April 3rd, 2017
Members of the Givology Chapter at the Webb Schools interviewed with Ruth Jeng, who is the founder of the [url=http://www.peachfoundationusa.org/servlet/peachweb]PEACH[/url] Foundation, to learn more about the organization.
[b]Q: What inspired you to start the PEACH Foundation? [/b]
A: I started this organization from the pain of which I felt from the children. So when I saw a child not going to school, the feeling of pain made me very miserable. Even though I told myself that it was none of my business, my pain didnt go away. Therefore, I rolled up my sleeves to solve their problem. The bottom line of starting this organization is eliminating my pain by eliminating the pain of these children. If I had felt indifferent, then I wouldnt have done anything.
[b]Q: How did your organization begin?[/b]
A: When I first started, I would go to alumni parties to distribute brochures about PEACH. I distributed 15,000 brochures in the first year, 10,000 in the second year, and we had about 200 initial members. Then, those who joined would invite friends that donate. Thus, I could say that about 98% of donors are recommended by other people. From a grassroot-organization that relied more on traditional methods, now we partner with Givology and rely on word of mouth more.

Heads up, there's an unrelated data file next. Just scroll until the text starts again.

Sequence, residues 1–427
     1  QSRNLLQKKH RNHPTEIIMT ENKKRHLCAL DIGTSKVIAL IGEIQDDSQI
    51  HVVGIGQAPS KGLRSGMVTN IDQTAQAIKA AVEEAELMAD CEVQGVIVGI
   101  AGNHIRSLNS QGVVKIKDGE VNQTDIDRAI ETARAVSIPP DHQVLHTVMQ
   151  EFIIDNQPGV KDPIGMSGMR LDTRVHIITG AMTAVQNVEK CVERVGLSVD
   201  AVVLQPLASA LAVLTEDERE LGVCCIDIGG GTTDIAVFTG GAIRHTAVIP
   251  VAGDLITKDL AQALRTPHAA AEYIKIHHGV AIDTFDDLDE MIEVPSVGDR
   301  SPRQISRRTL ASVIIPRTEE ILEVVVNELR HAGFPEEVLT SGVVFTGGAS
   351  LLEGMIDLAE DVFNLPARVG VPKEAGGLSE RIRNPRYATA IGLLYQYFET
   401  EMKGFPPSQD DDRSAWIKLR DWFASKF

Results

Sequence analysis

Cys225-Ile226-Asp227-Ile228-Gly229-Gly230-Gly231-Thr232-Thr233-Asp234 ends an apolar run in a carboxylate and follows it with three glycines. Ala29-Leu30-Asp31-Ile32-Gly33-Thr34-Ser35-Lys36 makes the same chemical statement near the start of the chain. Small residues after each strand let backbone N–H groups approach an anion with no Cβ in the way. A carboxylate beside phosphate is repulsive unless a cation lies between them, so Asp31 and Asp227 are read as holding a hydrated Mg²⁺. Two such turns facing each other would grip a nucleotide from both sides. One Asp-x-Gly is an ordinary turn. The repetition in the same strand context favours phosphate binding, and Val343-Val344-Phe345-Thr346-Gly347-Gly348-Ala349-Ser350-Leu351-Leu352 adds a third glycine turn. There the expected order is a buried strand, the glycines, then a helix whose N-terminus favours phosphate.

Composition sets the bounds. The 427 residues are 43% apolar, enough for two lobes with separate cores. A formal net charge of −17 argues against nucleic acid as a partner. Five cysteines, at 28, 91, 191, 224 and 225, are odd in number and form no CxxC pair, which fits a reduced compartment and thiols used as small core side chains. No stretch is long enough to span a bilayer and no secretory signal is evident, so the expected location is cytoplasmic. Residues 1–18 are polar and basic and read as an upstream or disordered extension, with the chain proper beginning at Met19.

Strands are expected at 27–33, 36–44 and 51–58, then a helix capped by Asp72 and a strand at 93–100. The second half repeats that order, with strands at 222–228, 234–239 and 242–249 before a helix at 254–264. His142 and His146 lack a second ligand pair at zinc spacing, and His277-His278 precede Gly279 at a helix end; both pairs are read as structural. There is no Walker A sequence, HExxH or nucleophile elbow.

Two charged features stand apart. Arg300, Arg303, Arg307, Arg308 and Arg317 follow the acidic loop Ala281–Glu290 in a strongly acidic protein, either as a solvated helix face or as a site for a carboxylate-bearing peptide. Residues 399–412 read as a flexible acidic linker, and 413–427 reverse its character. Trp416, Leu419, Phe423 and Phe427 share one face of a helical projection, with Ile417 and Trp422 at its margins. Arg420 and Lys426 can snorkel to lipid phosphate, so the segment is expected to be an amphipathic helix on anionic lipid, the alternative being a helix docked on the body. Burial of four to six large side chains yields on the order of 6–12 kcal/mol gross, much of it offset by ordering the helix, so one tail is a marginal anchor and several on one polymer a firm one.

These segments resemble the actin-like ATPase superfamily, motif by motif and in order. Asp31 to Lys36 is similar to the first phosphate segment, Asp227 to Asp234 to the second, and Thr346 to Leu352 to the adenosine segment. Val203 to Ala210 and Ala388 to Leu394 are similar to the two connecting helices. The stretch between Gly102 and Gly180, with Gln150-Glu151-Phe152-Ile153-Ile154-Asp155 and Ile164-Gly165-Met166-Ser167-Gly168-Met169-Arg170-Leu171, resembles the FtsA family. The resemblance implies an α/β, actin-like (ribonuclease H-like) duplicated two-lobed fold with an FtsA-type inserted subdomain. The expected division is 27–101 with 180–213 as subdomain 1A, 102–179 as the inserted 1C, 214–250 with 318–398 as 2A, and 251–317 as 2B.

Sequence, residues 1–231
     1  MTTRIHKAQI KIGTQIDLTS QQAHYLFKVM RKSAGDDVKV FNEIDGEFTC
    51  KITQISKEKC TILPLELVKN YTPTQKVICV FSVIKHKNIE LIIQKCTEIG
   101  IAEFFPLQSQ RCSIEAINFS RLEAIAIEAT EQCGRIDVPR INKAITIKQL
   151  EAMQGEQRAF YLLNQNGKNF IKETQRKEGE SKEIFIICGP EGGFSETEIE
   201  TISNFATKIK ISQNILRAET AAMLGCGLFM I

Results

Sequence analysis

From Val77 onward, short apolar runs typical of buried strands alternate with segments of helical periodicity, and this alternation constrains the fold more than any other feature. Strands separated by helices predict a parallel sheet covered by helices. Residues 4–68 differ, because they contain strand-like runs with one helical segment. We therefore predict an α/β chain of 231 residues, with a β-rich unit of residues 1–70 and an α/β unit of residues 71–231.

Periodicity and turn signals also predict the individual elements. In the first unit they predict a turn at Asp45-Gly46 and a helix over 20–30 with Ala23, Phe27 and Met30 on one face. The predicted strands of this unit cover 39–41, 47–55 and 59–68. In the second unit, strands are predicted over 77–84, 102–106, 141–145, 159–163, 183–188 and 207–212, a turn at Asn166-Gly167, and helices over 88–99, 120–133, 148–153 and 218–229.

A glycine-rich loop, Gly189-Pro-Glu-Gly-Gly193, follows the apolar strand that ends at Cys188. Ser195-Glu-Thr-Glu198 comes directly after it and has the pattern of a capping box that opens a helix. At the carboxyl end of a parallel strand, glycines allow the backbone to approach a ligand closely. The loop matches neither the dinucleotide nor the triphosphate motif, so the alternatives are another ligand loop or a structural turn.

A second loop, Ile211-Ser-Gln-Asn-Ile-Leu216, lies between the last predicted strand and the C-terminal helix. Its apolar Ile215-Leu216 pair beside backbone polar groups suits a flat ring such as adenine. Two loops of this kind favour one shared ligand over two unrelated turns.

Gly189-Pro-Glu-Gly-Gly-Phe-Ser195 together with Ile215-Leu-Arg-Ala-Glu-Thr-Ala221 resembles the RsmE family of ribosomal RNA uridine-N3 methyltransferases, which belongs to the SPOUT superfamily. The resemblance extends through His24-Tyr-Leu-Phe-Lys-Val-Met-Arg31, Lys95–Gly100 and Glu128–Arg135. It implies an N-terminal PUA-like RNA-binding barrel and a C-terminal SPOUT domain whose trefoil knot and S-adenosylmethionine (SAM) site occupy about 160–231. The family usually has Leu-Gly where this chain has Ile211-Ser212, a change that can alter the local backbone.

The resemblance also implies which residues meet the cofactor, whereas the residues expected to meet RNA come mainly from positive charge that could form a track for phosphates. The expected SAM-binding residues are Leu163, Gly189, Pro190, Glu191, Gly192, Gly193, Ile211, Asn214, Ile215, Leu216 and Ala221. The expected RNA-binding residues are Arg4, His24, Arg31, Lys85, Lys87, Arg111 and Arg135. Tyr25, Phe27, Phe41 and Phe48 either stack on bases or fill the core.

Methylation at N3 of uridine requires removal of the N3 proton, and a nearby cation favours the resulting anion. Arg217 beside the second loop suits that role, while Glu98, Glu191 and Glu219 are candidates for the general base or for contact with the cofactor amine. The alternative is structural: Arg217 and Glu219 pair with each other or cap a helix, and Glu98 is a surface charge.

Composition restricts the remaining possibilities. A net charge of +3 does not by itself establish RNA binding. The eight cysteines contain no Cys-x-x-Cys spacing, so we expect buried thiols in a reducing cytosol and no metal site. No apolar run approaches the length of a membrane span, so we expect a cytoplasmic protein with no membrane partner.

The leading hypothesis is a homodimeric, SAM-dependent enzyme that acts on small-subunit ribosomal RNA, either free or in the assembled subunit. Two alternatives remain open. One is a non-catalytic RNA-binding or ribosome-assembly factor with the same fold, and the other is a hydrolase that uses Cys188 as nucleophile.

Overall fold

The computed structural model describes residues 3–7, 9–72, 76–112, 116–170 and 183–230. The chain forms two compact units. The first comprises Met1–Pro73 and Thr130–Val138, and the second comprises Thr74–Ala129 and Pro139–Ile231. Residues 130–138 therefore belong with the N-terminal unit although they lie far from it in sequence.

[b]Q: What are some projects that you've worked on in the past? What was the impact? [/b]
A: There are five major projects that we worked on, providing financial aid, hosting a summer camp, giving children clothing for the winter, visiting them in school, and give them medical treatments.
1. Financial Aid- The aim of financial aid is providing children from low-income families the opportunity to go to school. Now we have over 2,000 children who have finished college, many of them becoming doctors, nurses, bankers, and government officials. The impact not only extends to giving them a full schooling but also to educating them in becoming financially independent so that they could help their families. Now, their parents are able to retire, so they dont need to farm to sustain themselves. Education breaks the vicious cycle of poverty.
2. Summer camp- We try to build up the childrens self-esteem by teaching them classes during a one-week summer camp. Even though it is only a one week program, youll be amazed at the impact. Before the camp, the children were not respected and loved, yet a little love and care will increase their self-confidence and brighten their smiles. However, one worry is that they will return to their old selves when they go back to their old environment, where they are bullied and stepped down. So I tell them that everyone being loved has a responsibility to those who love them. They should not abandon themselves in the face of unconditional love.
3. Clothing for the winter- We provide them with gloves, garments, and trousers. The impacts are pretty self-explanatory.
4. Visits in school- Every year we visit them in school. They would feel very happy and would come and hug me, something that they wouldn't do their parents.